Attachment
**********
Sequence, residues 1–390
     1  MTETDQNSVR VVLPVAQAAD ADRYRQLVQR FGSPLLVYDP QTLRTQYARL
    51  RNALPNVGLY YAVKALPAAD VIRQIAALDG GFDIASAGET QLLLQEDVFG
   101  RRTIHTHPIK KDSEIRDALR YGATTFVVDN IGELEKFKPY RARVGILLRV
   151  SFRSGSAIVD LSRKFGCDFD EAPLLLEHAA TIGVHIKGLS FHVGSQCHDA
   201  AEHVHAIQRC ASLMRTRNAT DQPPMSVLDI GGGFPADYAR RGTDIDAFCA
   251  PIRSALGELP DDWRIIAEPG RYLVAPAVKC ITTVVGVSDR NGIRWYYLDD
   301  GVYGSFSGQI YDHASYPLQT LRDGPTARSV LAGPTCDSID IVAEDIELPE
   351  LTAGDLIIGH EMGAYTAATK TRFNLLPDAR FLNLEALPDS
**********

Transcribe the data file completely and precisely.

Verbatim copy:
Sequence, residues 1–390
     1  MTETDQNSVR VVLPVAQAAD ADRYRQLVQR FGSPLLVYDP QTLRTQYARL
    51  RNALPNVGLY YAVKALPAAD VIRQIAALDG GFDIASAGET QLLLQEDVFG
   101  RRTIHTHPIK KDSEIRDALR YGATTFVVDN IGELEKFKPY RARVGILLRV
   151  SFRSGSAIVD LSRKFGCDFD EAPLLLEHAA TIGVHIKGLS FHVGSQCHDA
   201  AEHVHAIQRC ASLMRTRNAT DQPPMSVLDI GGGFPADYAR RGTDIDAFCA
   251  PIRSALGELP DDWRIIAEPG RYLVAPAVKC ITTVVGVSDR NGIRWYYLDD
   301  GVYGSFSGQI YDHASYPLQT LRDGPTARSV LAGPTCDSID IVAEDIELPE
   351  LTAGDLIIGH EMGAYTAATK TRFNLLPDAR FLNLEALPDS